lidar, cmos, artilux, 3d tof
Macro shot of Lidar sensor and triple cameras on iPhone 12 Pro Max 5G smartphone model by Apple Computers close-up of Pacific Blue mobile phone device featuring. Source: Adobe Stock

Taiwan-based Artilux Inc., the photonic technology IC designer, has partnered with TSMC to produce wide spectrum 3D ToF (time of flight) sensors adopting the 65nm process node with GeSi sensing materials enabling it to be the first CMOS-based ToF solution. The component will be adopted by smartphone clients earliest by the second half of 2021.

The android phones started adopting 3D ToF for the rear camera in 2019, and Apple’s iPhone 12 Pro and iPhone 12 Pro Max also integrated new 3D ToF sensors to the cameras to offer better photography and AR experiences, showing that 3D sensor technology has great potential to be adopted in AR and consumer electronics. According to the market research report by Yole Developement, the global 3D imaging and sensing market will grow to US$15 billion in 2026, with 14.5% CAGR  from US$6.7 billion in 2020, mostly owing to consumer electronics and the automotive industry.

Artilux has developed what’s claimed to be the world’s first wide spectrum 3D ToF (time-of-flight) sensor based on GeSi (germanium-on-silicon) photonic innovation. Operating at longer NIR (near infared) wavelengths, the sensor can be used in the area of the spectrum that is more than 10 times safer than the currently-used 940nm wavelength, as well as improving sensing accuracy and performance under sunlight.

In contrast to existing 3D sensors, which typically operate at 850nm or 940nm, the new sensor from Artilux can effectively cover the range from 850nm to 1550nm. The capability to detect both NIR (near infrared) and SWIR (short wavelength infrared) wavelengths has opened up new opportunities in applications such as LiDAR (light detection and ranging), 3D sensing, proximity detection, and AR (augmented reality)/ VR (virtual reality).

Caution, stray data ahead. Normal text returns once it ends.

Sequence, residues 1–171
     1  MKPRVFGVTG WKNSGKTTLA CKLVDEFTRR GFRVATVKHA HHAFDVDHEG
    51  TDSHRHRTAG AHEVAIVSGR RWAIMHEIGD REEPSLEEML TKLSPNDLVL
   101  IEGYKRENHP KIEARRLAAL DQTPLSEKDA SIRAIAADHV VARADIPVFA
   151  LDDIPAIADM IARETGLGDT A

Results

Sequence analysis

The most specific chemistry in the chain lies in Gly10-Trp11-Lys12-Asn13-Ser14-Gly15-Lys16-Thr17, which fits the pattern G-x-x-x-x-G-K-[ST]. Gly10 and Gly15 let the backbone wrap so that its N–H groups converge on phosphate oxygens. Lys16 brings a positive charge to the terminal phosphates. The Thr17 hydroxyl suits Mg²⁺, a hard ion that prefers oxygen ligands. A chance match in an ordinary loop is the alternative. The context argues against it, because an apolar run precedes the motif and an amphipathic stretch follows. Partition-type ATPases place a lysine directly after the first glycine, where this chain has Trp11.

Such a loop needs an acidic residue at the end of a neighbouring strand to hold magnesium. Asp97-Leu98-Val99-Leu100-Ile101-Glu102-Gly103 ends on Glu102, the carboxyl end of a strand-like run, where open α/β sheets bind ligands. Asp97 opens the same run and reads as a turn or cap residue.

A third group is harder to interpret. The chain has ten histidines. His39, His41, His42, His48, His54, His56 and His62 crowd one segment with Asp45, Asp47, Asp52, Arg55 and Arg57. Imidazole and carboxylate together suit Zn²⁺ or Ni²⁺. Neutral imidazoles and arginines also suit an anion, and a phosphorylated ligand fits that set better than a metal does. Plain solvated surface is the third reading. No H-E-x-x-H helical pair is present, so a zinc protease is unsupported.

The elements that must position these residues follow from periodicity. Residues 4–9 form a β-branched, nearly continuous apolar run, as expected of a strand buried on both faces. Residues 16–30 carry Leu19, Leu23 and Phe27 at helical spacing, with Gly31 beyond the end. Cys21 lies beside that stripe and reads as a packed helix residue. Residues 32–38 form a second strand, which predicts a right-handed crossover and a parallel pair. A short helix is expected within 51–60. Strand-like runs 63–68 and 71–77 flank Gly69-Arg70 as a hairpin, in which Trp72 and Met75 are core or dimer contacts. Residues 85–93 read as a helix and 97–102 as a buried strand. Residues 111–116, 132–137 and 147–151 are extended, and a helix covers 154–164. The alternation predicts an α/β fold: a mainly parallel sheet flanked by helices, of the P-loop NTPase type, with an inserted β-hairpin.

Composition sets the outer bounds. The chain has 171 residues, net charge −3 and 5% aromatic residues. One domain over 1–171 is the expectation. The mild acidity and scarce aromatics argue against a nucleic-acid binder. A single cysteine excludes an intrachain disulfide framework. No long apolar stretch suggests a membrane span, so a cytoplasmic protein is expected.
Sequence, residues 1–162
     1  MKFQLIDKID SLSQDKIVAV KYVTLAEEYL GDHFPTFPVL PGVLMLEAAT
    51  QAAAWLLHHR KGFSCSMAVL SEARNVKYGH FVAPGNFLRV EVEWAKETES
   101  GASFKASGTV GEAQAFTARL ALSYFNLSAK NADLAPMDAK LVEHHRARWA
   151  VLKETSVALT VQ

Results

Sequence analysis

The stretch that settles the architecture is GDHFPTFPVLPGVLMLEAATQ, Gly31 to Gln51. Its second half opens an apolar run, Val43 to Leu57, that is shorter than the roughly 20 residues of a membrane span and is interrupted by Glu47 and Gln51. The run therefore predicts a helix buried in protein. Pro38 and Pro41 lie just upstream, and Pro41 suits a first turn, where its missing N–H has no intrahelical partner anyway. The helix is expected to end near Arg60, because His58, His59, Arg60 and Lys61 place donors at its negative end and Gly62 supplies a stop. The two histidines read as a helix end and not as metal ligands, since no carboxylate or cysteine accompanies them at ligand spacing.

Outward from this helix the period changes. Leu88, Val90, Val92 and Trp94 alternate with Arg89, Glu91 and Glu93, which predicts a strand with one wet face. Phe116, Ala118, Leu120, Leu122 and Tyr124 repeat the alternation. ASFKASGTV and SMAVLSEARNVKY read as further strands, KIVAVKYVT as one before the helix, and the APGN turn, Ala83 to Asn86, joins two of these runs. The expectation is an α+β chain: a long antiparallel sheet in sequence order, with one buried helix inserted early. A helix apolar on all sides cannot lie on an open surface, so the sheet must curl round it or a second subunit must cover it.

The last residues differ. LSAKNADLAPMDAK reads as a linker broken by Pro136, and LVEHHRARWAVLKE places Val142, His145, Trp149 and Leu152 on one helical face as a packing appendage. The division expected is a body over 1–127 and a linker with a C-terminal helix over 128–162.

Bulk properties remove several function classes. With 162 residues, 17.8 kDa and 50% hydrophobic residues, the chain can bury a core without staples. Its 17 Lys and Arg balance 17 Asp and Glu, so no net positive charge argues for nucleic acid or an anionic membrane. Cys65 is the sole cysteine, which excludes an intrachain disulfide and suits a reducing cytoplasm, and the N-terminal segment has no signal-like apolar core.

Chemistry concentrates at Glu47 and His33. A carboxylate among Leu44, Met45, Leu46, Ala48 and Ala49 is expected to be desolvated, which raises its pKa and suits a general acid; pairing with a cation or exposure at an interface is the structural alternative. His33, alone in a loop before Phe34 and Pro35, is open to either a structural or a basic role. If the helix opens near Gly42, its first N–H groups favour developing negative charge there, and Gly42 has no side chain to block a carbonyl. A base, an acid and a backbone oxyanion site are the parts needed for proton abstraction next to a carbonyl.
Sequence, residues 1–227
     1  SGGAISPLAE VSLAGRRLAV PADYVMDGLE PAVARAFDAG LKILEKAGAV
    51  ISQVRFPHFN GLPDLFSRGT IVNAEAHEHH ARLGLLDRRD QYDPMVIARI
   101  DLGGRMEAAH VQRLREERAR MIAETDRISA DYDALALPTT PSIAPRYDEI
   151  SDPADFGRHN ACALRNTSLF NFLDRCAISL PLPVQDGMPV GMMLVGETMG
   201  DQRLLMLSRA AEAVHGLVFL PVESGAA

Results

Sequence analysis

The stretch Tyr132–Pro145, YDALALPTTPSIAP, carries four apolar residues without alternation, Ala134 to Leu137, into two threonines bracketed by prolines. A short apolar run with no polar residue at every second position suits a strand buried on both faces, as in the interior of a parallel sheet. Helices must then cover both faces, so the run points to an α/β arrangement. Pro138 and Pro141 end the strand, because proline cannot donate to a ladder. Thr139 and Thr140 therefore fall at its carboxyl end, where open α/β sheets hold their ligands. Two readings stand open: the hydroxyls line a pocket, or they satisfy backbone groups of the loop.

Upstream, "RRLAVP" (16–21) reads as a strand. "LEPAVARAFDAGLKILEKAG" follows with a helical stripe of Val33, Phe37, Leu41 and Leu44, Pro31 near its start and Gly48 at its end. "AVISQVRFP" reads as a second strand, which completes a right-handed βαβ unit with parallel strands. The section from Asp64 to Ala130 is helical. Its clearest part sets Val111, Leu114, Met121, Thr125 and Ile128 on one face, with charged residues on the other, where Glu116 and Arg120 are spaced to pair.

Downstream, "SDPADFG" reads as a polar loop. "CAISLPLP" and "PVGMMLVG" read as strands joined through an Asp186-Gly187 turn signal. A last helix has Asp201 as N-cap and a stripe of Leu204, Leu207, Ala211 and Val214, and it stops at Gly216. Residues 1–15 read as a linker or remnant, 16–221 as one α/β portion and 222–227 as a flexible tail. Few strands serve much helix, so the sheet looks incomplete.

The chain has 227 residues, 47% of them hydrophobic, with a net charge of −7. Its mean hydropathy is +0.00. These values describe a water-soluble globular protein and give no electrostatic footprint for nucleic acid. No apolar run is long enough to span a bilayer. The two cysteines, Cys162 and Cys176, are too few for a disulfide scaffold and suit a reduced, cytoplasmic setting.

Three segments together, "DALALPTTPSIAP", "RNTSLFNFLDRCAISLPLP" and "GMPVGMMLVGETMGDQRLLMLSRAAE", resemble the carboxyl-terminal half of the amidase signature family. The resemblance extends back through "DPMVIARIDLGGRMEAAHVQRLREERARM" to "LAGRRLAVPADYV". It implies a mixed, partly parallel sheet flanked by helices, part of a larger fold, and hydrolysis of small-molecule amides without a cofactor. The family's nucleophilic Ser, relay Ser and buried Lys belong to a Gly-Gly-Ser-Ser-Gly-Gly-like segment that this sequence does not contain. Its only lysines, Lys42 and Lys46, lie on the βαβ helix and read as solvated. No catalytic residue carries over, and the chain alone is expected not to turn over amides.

artilux, 3d tof, lidar

Artilux GeSi Wide Spectrum 3D sensor works at zone 2 and zone 3 to boost safety for consumers.

By utilizing this capability, the new sensor substantially reduces the potential risk of eye damage, since longer NIR wavelength radiation causes less or even no harm to the retina. According to the most recent findings, the power of the laser can safely be at least 10 times greater at 1200-1400nm than at 940nm, which improves performance without compromising on safety for long-range and highly accurate 3D imaging; it also means that the safe minimum distance of the laser from the eye can be further reduced to sub-centimeter. The use of longer NIR wavelengths also minimizes interference from sunlight and enables better performance in outdoor environments.

After announcing the commercialization of GeSi pixel for wide-spectrum 3D ToF (time-of-flight) sensing, Artilux has further pushed the wide-spectrum optical sensing technology boundaries by enabling GeSi pixel capable of ultra-sensitive photodetection on cost-effective CMOS technology platform achieving low-power consumption and safer due to operating at longer NIR (near infrared) wavelengths that are highly cost-effective at the same time.

According to the company’s white paper, Ge surfaces are harder to passivate and Ge wafers are more difficult to grow in large diameters, leading to Si-based technology such as CMOS transistor becoming the dominant technology and commercial success. But Artilux has overcome hurdles to realize GeSi-based technology on the CMOS technology platform.

 All the breakthroughs are brought about by a new GeSi technology platform developed by Artilux in cooperation with TSMC. In the future, driver monitoring systems (DMS), LiDAR, MR and smart manufacturing may be areas for future applications.


Source: ChinaTimes, udn